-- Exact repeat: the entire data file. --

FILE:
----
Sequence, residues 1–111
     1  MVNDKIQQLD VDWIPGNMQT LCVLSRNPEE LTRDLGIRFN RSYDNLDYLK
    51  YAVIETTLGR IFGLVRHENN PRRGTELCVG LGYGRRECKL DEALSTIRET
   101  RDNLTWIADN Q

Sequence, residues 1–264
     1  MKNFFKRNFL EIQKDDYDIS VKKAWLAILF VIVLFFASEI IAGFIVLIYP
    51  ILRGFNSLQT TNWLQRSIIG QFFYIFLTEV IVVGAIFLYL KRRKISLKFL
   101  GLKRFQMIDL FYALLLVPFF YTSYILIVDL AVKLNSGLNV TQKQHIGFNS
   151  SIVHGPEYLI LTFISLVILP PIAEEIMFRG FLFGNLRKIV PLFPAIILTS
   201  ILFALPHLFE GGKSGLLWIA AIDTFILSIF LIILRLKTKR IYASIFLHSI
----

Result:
Sequence, residues 1–111
     1  MVNDKIQQLD VDWIPGNMQT LCVLSRNPEE LTRDLGIRFN RSYDNLDYLK
    51  YAVIETTLGR IFGLVRHENN PRRGTELCVG LGYGRRECKL DEALSTIRET
   101  RDNLTWIADN Q

Sequence, residues 1–264
     1  MKNFFKRNFL EIQKDDYDIS VKKAWLAILF VIVLFFASEI IAGFIVLIYP
    51  ILRGFNSLQT TNWLQRSIIG QFFYIFLTEV IVVGAIFLYL KRRKISLKFL
   101  GLKRFQMIDL FYALLLVPFF YTSYILIVDL AVKLNSGLNV TQKQHIGFNS
   151  SIVHGPEYLI LTFISLVILP PIAEEIMFRG FLFGNLRKIV PLFPAIILTS
   201  ILFALPHLFE GGKSGLLWIA AIDTFILSIF LIILRLKTKR IYASIFLHSI